10. By relative rotation of the axis line of the base element (1, 40) and said connector means (4), the base element (1, 40) and said connector means (4) for releasably consolidated to means The subcutaneous infusion set according to any one of claims 1 to 9, further comprising:
  11. If the connector means for administering medication to said aperture (19,46) of said closure element (2,45) is removed, the rotation of the closure element (2,45) with respect to the base element (1, 40) 11. A subcutaneous infusion set according to any one of claims 1 to 10, further comprising means for preventing.
  12. It said means for preventing rotation comprises the closure element (2,45) or the a part amount of the base element (1, 40) biasing element (12), subcutaneous infusion set according to claim 11.
  13. 13. An infusion set according to any one of the preceding claims, wherein means are provided for securing the base element to the patient's skin.
  14. Wherein a cannula (13,49) is flexible cannula (49), said cavity (20, 42) extending up to the top of the hub Biteori, the cavity means for covering (42) to said top of said hub (51) Provided,
    An insertion needle (58) passes through the opening in the occlusive element (45), through the sealing means (35), and through the cavity (42) and the cavity of the flexible cannula (49). , the flexible cannula (49) extending beauty beyond the entire length of, is inserted removed freely, infusion set according to any one of claims 2 to 13.
  15. A injection unit connectable to the connector means for administering the Oite fluid to enter the oral cavity subcutaneous infusion set according (4) to any one of claims 1 to 14,
    A base element having a cavity and the mouthpiece;
    A cannula mounted in and extending from the base element and having a cavity therethrough, the cavity communicating with the oral cavity through the cavity;
    A closure element attached to the foundation element for rotation about an axis passing through the foundation element and having an aperture, the aperture being at one position of the closure element relative to the foundation element, the entry of the foundation element. An occlusion element that is aligned with the oral cavity and that, in a further rotated position of the occlusion element with respect to the base element, covers the oral cavity in the base element;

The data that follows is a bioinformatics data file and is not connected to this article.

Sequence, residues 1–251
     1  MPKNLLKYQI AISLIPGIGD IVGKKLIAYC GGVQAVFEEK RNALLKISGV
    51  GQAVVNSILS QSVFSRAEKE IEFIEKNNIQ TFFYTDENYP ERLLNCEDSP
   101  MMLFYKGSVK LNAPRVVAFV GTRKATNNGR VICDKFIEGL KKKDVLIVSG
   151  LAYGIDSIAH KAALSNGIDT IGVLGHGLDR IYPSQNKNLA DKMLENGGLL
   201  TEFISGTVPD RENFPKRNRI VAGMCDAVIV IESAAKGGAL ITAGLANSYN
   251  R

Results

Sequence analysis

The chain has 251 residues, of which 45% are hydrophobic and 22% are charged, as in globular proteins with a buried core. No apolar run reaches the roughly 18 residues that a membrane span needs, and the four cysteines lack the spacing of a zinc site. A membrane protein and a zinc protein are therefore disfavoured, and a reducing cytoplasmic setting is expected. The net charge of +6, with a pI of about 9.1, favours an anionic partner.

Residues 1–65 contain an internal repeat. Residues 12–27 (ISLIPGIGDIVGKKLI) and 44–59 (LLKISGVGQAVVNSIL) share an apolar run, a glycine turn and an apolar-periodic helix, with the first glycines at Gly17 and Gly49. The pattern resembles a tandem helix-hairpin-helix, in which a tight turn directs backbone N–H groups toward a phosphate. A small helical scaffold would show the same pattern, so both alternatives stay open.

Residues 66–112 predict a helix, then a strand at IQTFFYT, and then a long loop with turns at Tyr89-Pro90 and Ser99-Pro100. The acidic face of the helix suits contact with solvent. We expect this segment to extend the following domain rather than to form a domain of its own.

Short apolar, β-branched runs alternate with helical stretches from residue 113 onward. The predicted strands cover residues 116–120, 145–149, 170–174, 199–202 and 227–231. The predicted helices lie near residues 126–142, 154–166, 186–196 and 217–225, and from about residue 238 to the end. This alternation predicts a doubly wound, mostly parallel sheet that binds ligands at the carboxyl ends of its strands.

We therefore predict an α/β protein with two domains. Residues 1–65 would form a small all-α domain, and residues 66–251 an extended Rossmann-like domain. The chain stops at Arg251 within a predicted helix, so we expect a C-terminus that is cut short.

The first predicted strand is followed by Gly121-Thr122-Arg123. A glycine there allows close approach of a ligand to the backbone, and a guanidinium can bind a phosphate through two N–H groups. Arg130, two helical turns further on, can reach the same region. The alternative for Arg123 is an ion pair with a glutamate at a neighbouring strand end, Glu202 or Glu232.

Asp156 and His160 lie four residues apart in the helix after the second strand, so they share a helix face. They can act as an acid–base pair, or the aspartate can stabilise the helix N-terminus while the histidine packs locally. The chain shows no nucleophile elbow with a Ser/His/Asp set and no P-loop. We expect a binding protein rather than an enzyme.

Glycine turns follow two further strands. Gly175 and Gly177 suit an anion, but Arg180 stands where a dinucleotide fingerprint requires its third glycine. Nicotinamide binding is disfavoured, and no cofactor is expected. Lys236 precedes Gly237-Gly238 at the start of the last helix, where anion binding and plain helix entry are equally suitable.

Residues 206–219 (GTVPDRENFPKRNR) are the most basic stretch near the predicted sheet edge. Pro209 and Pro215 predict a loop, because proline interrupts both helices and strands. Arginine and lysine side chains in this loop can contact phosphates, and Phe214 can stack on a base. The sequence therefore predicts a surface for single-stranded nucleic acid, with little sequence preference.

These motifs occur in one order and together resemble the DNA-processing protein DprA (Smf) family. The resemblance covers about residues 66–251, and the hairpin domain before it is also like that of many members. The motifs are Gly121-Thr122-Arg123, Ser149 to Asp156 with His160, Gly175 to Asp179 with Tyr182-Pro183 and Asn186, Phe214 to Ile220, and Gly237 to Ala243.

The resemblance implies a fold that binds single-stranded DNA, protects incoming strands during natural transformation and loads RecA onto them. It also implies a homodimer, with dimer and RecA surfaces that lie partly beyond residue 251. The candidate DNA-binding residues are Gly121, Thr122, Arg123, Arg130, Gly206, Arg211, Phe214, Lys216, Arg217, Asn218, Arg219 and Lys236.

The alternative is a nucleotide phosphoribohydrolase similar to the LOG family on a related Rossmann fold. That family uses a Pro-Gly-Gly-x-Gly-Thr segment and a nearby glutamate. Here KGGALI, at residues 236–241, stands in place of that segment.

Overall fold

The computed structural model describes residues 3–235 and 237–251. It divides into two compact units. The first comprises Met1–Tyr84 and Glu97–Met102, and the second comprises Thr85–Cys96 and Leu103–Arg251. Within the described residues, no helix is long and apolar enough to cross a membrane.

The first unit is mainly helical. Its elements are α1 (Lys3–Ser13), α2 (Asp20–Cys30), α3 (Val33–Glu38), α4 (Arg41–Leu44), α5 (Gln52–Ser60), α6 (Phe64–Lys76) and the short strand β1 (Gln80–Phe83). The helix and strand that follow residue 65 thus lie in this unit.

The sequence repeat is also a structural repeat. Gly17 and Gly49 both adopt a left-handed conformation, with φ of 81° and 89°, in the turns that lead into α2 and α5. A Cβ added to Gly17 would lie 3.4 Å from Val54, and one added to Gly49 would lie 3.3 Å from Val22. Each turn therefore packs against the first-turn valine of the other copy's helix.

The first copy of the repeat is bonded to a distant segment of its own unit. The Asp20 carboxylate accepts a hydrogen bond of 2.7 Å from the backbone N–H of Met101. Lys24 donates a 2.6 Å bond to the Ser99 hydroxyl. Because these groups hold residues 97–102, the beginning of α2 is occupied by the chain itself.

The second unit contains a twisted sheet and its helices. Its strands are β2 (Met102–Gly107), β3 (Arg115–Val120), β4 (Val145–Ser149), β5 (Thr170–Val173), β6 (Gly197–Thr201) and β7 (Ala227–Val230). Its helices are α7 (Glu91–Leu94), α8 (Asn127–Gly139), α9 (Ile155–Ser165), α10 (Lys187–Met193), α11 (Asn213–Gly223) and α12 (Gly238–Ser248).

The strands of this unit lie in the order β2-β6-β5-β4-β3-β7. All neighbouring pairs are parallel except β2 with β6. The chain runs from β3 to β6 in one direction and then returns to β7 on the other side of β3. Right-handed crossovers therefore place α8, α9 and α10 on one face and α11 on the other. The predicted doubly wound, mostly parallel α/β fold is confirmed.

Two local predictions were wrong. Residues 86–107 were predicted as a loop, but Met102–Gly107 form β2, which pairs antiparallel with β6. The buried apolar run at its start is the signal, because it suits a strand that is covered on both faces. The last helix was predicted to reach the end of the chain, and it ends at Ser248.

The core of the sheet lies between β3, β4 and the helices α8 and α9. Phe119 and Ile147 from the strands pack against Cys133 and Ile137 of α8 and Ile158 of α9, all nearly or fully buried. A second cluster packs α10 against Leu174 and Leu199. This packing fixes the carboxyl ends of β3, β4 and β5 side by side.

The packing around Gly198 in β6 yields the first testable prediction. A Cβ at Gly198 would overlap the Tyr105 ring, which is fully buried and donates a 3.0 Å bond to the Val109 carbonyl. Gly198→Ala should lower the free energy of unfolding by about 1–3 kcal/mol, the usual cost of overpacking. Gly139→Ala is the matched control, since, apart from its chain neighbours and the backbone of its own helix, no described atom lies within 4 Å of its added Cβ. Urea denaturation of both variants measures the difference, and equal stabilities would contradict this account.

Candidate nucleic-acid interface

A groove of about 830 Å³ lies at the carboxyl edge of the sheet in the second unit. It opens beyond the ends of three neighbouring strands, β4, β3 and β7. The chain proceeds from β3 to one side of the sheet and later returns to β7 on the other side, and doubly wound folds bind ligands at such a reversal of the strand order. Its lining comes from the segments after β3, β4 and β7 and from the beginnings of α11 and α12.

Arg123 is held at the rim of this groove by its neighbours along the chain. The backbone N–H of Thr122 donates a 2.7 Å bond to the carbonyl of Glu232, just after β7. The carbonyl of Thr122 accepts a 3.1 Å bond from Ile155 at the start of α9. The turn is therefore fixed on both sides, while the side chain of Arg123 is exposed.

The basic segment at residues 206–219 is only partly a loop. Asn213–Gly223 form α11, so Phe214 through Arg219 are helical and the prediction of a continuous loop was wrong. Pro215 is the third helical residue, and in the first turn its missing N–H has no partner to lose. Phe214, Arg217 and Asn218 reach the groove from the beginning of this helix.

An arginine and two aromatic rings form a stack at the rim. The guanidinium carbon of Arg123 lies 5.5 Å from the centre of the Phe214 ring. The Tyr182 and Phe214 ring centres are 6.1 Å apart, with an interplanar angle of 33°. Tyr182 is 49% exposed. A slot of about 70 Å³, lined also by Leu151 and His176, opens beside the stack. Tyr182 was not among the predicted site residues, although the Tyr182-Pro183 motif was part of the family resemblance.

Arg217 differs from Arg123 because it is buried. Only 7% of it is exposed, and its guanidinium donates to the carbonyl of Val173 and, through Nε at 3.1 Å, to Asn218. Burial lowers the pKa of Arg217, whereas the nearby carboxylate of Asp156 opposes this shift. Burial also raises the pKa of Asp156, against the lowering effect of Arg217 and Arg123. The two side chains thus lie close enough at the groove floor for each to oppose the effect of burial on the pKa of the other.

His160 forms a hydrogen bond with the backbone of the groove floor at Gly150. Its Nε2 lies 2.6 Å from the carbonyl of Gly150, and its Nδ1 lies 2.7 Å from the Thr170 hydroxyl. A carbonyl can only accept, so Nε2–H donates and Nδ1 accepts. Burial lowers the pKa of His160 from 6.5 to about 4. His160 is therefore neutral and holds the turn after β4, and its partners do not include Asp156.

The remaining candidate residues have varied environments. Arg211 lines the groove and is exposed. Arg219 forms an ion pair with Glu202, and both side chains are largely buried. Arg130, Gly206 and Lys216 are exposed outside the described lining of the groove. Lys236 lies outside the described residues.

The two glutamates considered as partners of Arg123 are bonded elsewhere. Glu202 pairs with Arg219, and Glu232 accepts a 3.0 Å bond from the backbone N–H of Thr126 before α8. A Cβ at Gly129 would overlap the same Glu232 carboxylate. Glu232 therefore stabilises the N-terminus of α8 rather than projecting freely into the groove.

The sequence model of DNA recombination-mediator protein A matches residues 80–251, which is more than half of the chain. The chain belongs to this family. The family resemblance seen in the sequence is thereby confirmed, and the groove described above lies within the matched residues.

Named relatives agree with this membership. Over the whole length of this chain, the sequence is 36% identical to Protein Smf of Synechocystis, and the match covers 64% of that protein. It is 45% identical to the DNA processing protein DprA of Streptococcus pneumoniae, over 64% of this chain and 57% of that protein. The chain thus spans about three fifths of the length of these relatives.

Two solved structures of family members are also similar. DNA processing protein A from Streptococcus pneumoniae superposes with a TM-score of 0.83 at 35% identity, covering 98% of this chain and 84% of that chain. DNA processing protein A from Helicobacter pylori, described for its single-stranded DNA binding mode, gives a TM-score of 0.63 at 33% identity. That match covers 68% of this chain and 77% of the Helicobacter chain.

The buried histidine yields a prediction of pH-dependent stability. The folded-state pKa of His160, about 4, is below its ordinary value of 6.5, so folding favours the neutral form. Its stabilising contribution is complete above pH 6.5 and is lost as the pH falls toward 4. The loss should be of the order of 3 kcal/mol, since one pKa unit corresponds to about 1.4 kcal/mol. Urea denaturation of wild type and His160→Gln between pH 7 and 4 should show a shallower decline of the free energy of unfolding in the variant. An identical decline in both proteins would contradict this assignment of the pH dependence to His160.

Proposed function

An injection part characterized by comprising.
  16. The base element comprises a hub having a top and bottom and an outer surface extending between the top and bottom, the cavity being formed in the hub , and the mouthpiece being between the outer surface and the cavity 16. An infusion according to claim 15, wherein the injection element extends and the closure element has a substantially ring element configuration.
  17. Wherein to the base element (1, 40) and further forming a sealing means between said closure element, injection unit according to any one of claims 15 or 16.
  18. 18. An infusion according to any one of claims 15 to 17, wherein means are provided for securing the base element to the patient's skin.
JP50360999A 1997-06-20 1998-06-19 Subcutaneous injection set Expired - Lifetime JP4063893B2 (en)

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US08/879,525 US5968011A (en) 1997-06-20 1997-06-20 Subcutaneous injection set
US08/879,525 1997-06-20
PCT/DK1998/000262 WO1998058693A1 (en) 1997-06-20 1998-06-19 Subcutaneous infusion set

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AT (1) AT285259T (en)
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CA (1) CA2294994C (en)
DE (1) DE69828281T2 (en)
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AT285259T (en) 2005-01-15
AU8011598A (en) 1999-01-04
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AU731678B2 (en) 2001-04-05
WO1998058693A1 (en) 1998-12-30
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ES2235334T3 (en) 2005-07-01
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EP0991439B1 (en) 2004-12-22
EP0991439A1 (en) 2000-04-12